Index

DATE=9/14/2000
TYPE=CORRESPONDENT REPORT
TITLE=CLINTON-INDIA ONITER (L)
NUMBER=2-266527
BYLINE=DAVID GOLLUST
DATELINE=WHITE HOUSE
CONTENT=



///Eds: Vajpayee arrival ceremony at 9:30 a-m EDT///

INTRO: President Clinton holds talks today (Friday)
with visiting Indian Prime Minister Atal Bihari
Vajpayee in a meeting both sides say will be another
building block in an improving bilateral relationship.
VOA's David Gollust reports from the White House.



TEXT: The talks here will be a continuation of the
dialogue the President began with Mr.Vajpayee last
March when he made the first trip by a U-S President
to India in more than two decades.

Mr. Clinton also stopped briefly in Pakistan for talks
on the South Asian nuclear rivalry and Kashmir. And in
a talk with reporters on the eve of the Vajpayee
visit, the President said he hopes he has at least
laid groundwork for a successful U-S effort to defuse
tensions on the sub-continent:

///Clinton actuality///

I still hope that, if not while I'm here then in
the future, because of the groundwork we've
laid, the United States can play a positive role
to a peaceful resolution to the Kashmir dispute,
which has been at the core of the difficulties
between India and Pakistan for more than a half-
century now.


///end act///

Citing achievements of South Asian immigrants in U-S
high-tech industries, Mr. Clinton said it is "tragic"
that the regional conflict has held back the economic
progress of their countrymen at home.

U-S-Indian relations came under severe strain in 1998
when India conducted a series of nuclear tests which
was followed by a round of testing by Pakistan.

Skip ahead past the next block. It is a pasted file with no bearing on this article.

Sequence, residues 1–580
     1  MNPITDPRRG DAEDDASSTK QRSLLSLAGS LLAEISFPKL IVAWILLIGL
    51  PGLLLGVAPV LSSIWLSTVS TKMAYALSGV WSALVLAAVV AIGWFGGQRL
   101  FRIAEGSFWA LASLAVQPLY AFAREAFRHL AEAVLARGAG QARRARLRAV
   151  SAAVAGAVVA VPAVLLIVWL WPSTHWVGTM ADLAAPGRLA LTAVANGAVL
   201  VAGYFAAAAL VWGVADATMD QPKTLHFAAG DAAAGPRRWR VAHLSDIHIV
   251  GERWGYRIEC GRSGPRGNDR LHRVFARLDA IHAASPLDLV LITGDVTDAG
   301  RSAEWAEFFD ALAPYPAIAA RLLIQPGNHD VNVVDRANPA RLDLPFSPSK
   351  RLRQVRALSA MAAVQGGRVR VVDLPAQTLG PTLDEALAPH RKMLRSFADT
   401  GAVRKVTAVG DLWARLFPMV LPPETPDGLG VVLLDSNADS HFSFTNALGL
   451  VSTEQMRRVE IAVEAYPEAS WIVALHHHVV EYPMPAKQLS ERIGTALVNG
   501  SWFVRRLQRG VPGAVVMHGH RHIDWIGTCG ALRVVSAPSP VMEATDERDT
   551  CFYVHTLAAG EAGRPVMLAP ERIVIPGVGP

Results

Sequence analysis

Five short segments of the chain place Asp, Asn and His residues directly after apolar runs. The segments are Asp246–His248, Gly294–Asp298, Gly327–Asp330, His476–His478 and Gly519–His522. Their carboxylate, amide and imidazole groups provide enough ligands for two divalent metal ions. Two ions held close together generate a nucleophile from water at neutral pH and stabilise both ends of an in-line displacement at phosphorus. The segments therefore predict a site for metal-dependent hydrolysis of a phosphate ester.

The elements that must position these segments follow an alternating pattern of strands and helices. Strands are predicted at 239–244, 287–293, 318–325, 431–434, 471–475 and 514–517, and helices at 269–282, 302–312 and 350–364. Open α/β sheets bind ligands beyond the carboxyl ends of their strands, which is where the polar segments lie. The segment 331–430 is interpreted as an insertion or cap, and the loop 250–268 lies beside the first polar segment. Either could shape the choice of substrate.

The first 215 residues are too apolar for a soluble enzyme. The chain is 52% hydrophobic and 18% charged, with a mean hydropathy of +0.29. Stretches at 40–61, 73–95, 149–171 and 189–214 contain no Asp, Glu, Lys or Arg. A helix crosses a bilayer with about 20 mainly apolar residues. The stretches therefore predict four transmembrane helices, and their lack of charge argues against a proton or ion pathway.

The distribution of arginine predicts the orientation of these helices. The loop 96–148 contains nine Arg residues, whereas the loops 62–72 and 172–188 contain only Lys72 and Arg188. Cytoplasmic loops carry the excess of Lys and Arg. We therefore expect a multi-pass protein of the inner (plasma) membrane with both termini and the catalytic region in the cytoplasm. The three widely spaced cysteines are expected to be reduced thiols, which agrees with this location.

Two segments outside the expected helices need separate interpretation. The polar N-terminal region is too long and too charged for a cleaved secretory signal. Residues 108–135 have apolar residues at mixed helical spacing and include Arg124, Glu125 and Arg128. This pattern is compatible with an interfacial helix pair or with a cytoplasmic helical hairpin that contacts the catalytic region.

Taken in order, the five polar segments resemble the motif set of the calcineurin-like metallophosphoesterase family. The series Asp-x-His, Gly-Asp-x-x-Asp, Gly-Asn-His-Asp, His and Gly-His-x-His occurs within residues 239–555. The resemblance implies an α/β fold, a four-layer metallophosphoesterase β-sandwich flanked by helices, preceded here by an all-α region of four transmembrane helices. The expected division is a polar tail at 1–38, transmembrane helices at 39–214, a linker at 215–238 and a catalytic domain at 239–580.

U-S economic sanctions stemming from the tests remain
in place. And in a speech to the U-S Congress
Thursday, Prime Minister Vajpayee acknowledged that
security issues have "cast a shadow" over U-S-Indian
relations.

But he said both sides share a commitment to -
ultimately - eliminating nuclear weapons and have no
clash of interests:

///Vajpayee actuality///

We do not wish to unravel your non-proliferation
efforts. We wish you to understand our security
concerns. We are at a historic moment in our
ties. As we embark on our common endeavor to
build a new relationship, we must give practical
shape to our shared belief that democracies can
be friends, partners and allies. (applause)

///end act///

Mr. Vajpayee did not mention Pakistan by name in the
address. But he condemned what he said was "foreign
sponsored terrorism" in Kashmir and Punjab - both
having separatist conflicts India blames on its
neighbor.

The Indian leader also condemned global economic
inequities, saying the current situation in which two-
thirds of the world's people live in poverty is
"unsustainable."

Officials here say the President and Mr. Vajpayee will
discuss ways of fostering U-S investments in the
Indian economy, which is one of the world's fastest-
growing and includes a burgeoning high-tech industry.

In addition to his discussions with Mr. Clinton, Prime
Minister Vajpayee will have a luncheon meeting and
talks at the State Department with Vice President and
Democratic party presidential candidate Al Gore.
(Signed)

NEB/DAG/PT



14-Sep-2000 17:08 PM EDT (14-Sep-2000 2108 UTC)
NNNN

Source: Voice of America
.